Ghosts of the caliphate
by Jean-Pierre Filiu
Fantasies of reviving the caliphate reveal a deep crisis of legitimacy within Sunni Islam
In October 2006, al Qaeda proclaimed the first online caliphate in Islam's 14 century-old history.
Bin Laden's deputies in Iraq tried hard to make it look legitimate, with jihadi leaders and tribal sheikhs pledging allegiance to Abu Omar al-Baghdadi, appointed "commander of the believers." Their oath was about "ending the oppression to which the Sunnis are being subjected by malicious Shiites and the occupying Crusaders" and was open to all the Iraqi insurgent groups. Most of them refused to join in and continue to resent al Qaeda's imported agenda and terror. But Bin Laden and Zawahiri were making the connection between Baghdad falling to the Mongolians in 1258 and today’s American occupation of Iraq, with the Shiites always betraying Islam to its "infidel" foes.
Al Qaeda is, however, rather a newcomer in the modern caliphate game. It was back in 1953 that a Palestinian cleric, Taqiuddin Nabhani, disillusioned with the Muslim Brotherhood appeasement policy, founded his own Liberation party, known in Arabic as Hizb ut-Tahrir. The "tahriris," as these militants came to be called, had only one goal—the re-establishment of the caliphate. They were ruthlessly crushed by the various Arab regimes, while they had to face the shared hostility of nationalist parties and Islamist groups. This consistent repression reduced Hizb ut-Tahrir to little more than a sect in the middle east, and it took two generations for it to resurface at the periphery of Islam. This happened first in post-Soviet central Asia, where it became a convenient scapegoat for the Uzbekistan political police, while competing fiercely with Tajikistan's mainstream Islamist groups. Then it occurred in western Europe, with its most powerful openly operated branch in Britain, where it has been an organising force behind many radical demonstrations and has been accused of being a "conveyor belt" to terrorism despite being officially opposed to terror. Finally, it surfaced in Indonesia, where it could rally 100,000 people in a Jakarta stadium last August in support of the caliphate.
Heavily influenced by decades of underground culture, Hizb ut-Tahrir is a secretive organisation, and the estimate of 100,000 members in 40 countries is probably overblown. But it does represent the most coherent alternative to Islamist movements that have accepted the post-colonial state boundaries as their national framework of action. In its hands, the caliphate has become a weapon against national Islam or Islamic nationalism. The growing popularity of the "tahriris" in the West Bank stems from militant frustration with Hamas and Fatah alike. The "Hizb" shares al Qaeda's contempt for democracy as a despicable "corruption" and both organisations long to wipe Israel off the map. But Bin Laden's followers consider the tahriris soft-bellies, alienated from real jihad. And al Qaeda sees the caliphate as a strategic long-term goal, while Nabhani has described any day without a caliph as a sinful one for every Muslim.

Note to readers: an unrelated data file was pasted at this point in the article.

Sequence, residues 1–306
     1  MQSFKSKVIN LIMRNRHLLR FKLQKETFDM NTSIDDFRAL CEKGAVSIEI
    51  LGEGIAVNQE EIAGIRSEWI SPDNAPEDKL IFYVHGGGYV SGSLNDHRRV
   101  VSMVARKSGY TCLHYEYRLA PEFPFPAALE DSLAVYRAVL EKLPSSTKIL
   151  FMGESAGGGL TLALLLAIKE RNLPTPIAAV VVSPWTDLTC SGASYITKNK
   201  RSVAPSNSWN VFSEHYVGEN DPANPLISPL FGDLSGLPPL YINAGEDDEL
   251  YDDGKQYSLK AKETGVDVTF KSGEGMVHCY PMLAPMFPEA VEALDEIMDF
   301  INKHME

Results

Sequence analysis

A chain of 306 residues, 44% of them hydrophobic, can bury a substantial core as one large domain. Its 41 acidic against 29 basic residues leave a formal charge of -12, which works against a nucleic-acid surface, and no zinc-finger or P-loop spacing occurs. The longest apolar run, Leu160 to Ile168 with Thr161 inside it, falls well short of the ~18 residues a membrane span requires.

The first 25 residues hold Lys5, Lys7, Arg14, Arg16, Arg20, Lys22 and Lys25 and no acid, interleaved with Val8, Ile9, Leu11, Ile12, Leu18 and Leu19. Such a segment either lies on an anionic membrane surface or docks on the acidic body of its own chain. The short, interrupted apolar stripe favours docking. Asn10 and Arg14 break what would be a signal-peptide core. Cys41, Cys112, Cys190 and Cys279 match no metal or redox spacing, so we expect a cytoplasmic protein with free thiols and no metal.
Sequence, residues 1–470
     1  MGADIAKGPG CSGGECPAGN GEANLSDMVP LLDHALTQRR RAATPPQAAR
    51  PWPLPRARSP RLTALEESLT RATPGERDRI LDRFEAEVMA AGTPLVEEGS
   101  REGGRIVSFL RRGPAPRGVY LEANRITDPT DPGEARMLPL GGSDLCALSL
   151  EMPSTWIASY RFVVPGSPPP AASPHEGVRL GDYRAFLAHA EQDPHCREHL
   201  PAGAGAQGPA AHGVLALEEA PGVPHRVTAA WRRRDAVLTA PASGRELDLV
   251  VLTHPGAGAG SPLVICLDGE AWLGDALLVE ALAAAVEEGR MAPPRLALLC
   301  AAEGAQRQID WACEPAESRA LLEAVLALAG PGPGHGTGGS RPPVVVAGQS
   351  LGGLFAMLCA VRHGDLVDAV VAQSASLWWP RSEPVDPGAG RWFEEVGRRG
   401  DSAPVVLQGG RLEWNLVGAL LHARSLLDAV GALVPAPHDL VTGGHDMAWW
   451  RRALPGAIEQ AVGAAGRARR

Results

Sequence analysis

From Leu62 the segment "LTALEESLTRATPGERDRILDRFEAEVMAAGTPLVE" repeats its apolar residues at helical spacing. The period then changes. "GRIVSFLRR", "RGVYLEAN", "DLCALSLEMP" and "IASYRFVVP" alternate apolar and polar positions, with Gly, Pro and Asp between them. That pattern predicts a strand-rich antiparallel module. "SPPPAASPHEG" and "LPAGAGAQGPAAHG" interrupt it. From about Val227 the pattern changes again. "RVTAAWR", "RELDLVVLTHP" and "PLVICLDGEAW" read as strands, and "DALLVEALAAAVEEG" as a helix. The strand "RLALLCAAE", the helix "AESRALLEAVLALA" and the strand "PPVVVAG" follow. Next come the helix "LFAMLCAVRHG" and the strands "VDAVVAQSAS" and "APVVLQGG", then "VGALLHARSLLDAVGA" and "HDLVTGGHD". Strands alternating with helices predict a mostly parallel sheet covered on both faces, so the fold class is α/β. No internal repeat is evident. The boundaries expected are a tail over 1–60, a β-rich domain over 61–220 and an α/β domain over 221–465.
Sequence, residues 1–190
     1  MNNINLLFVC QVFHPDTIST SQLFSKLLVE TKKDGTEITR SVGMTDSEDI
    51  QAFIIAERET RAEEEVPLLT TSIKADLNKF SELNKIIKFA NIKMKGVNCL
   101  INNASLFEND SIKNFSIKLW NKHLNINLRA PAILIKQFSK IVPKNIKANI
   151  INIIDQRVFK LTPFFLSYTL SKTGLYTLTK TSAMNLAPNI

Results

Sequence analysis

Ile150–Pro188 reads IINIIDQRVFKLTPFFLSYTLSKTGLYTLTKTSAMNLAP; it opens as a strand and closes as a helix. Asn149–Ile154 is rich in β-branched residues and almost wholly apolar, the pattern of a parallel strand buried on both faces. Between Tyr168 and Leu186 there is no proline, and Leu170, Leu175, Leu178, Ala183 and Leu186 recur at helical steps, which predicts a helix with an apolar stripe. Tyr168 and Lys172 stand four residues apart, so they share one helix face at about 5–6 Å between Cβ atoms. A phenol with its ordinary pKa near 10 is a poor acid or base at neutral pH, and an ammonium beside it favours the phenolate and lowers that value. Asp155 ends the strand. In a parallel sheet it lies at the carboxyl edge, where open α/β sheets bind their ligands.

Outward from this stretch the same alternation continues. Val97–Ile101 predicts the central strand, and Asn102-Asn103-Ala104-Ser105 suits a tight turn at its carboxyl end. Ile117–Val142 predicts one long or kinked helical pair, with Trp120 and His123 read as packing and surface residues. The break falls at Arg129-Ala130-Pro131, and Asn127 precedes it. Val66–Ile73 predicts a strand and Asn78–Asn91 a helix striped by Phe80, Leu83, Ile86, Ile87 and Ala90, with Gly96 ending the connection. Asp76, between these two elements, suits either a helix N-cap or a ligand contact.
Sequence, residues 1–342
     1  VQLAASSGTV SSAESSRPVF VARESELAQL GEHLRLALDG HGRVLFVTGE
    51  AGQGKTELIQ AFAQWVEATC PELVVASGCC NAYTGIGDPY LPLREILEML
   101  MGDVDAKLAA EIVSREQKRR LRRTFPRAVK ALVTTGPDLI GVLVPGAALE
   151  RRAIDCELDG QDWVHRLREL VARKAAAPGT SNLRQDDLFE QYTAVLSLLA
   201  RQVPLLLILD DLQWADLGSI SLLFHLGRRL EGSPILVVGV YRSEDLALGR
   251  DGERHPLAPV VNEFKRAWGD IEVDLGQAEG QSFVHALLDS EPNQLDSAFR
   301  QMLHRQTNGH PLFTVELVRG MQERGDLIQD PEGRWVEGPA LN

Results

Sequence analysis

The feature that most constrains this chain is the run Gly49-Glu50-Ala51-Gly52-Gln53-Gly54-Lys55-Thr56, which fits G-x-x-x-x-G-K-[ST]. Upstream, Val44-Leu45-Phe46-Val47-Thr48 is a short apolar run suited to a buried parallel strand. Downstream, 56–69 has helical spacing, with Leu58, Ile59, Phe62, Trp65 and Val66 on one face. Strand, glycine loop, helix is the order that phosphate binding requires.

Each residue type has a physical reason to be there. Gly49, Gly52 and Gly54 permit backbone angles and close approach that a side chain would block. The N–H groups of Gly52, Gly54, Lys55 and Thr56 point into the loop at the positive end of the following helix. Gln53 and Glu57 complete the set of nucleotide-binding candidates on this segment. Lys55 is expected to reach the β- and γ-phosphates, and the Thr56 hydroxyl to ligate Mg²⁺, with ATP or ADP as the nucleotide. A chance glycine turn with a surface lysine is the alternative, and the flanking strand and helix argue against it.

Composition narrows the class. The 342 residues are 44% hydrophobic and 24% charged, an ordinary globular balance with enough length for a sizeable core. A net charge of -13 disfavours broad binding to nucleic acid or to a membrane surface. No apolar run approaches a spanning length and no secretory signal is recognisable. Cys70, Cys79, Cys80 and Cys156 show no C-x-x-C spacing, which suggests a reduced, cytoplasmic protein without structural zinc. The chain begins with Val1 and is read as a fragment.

The revival of the "back to the caliphate" motto also reveals a deeper crisis of legitimacy within Sunni Islam. When Atatürk abolished the caliphate in 1924, two years after toppling the Ottoman sultanate, he deprived the Sunni world of an undisputed guiding voice. Sharif Hussein of Mecca immediately tried to fill this void, but he was smashed by the rising power of Wahhabi Islam. Saudi Arabia was built on the ruins of this aborted caliphate, although its monarchs do not now claim a nobler title than "custodian of the holy places." Nowadays, to be called "commander of the believers" one has to be the king of Morocco, or Mullah Omar of Afghanistan, who assumed the title when, in Kandahar in 1996, he took up a cloak said to have belonged to the Prophet himself as a founding gesture for the Taliban emirate. The only Muslim leader who plays publicly with the notion of caliphate is Colonel Gaddafi, who recently saw in it the solution for trans-Saharan integration. The concept of caliph is rather flexible: its Arabic etymology just means "successor" and its institution was a pragmatic response by the nascent Muslim community to the trauma of Muhammad's sudden death.
When it comes to politics, there was never a golden age of Islam. Out of the four so-called "well-inspired" caliphs who followed the Prophet, three were murdered and, during their time, the bloody struggle for leadership ignited a civil war whose echoes are still felt today in the streets of Baghdad and Beirut. The road back to the caliphate is a dead end but, as often with global war and global jihad, the layers of propaganda surrounding it lend an appearance of substance to an illusion. Let us hope not too many people will fall under the spell of this ghost.
Jean-Pierre Filiu is professor at the Paris Institute of Political Studies (middle east chair). His last book was “Les Frontières du Jihad” (The Boundaries of Jihad), Fayard, 2006
Issue 140 , November 2007
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